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Biochim Biophys Acta. 2004 Nov 3;1666(1-2):275-88.

Nonbilayer lipids affect peripheral and integral membrane proteins via changes in the lateral pressure profile.

Author information

1
Department Biochemistry of Membranes, Centre for Biomembranes and Lipid Enzymology, Institute of Biomembranes, Utrecht University, Padualaan 8, 3584 CH, Utrecht, The Netherlands. e.vandenbrink@chem.uu.nl

Abstract

Nonbilayer lipids can be defined as cone-shaped lipids with a preference for nonbilayer structures with a negative curvature, such as the hexagonal phase. All membranes contain these lipids in large amounts. Yet, the lipids in biological membranes are organized in a bilayer. This leads to the question: what is the physiological role of nonbilayer lipids? Different models are discussed in this review, with a focus on the lateral pressure profile within the membrane. Based on this lateral pressure model, predictions can be made for the effect of nonbilayer lipids on peripheral and integral membrane proteins. Recent data on the catalytic domain of Leader Peptidase and the potassium channel KcsA are discussed in relation to these predictions and in relation to the different models on the function of nonbilayer lipids. The data suggest a general mechanism for the interaction between nonbilayer lipids and membrane proteins via the membrane lateral pressure.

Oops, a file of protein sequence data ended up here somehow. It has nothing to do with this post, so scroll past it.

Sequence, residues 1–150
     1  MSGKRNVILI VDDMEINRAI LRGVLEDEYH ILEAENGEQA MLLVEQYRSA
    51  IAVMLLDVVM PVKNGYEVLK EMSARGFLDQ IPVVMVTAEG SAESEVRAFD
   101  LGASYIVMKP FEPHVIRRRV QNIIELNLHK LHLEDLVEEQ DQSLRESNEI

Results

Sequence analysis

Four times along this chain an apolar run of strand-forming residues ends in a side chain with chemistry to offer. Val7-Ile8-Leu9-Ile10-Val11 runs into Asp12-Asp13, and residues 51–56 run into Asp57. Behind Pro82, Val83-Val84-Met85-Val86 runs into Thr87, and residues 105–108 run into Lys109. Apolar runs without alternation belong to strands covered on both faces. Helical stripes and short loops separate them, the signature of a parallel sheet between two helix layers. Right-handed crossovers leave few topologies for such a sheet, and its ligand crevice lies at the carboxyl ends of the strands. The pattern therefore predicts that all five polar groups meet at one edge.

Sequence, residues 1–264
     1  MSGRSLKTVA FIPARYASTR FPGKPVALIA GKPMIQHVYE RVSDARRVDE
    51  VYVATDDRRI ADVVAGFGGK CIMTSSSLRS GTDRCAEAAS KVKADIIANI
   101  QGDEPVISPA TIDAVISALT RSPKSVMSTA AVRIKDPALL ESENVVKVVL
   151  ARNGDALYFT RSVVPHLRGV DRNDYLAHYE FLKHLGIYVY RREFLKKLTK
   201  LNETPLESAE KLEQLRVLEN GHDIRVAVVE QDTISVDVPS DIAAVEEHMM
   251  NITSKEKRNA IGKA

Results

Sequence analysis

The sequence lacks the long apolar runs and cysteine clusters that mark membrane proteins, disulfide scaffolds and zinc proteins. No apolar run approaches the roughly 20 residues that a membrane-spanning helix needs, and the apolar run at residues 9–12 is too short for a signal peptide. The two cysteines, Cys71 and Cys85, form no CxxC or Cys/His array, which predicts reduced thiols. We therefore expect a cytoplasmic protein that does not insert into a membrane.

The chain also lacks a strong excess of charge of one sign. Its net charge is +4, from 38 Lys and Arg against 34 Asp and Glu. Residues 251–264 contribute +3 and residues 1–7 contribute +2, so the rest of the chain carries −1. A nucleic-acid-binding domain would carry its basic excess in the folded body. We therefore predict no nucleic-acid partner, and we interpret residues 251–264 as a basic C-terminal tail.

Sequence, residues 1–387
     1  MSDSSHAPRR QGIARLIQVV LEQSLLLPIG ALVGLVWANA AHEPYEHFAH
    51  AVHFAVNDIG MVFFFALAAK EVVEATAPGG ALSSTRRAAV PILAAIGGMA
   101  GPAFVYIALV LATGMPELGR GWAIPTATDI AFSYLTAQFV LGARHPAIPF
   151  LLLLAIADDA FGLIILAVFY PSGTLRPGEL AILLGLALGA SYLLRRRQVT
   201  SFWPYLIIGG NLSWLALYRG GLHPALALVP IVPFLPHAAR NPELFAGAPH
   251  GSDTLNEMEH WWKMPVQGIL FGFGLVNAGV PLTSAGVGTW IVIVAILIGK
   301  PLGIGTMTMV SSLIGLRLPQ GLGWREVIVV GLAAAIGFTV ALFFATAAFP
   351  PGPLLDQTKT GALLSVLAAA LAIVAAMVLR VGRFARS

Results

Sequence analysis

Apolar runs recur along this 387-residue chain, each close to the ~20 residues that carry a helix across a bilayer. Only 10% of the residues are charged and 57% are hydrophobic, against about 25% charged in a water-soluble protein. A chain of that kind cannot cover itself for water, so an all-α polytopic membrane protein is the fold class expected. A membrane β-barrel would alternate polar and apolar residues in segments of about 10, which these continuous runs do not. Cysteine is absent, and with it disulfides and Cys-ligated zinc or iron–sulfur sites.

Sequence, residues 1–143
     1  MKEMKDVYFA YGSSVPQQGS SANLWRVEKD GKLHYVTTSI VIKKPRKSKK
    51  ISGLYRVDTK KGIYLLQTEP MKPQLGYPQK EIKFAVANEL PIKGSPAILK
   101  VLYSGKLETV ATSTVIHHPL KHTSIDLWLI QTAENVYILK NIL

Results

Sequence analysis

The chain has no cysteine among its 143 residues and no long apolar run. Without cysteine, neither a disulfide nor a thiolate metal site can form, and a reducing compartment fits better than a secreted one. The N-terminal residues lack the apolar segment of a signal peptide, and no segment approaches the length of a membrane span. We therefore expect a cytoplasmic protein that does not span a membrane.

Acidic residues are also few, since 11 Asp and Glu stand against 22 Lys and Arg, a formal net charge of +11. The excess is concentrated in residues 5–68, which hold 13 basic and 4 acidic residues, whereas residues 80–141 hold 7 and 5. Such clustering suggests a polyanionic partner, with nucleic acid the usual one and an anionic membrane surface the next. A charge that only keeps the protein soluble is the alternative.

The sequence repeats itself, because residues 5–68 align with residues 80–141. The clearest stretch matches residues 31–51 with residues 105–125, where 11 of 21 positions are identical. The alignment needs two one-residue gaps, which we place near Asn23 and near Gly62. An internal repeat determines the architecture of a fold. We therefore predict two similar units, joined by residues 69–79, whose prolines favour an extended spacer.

PMID:
15519321
DOI:
10.1016/j.bbamem.2004.06.010
[Indexed for MEDLINE]
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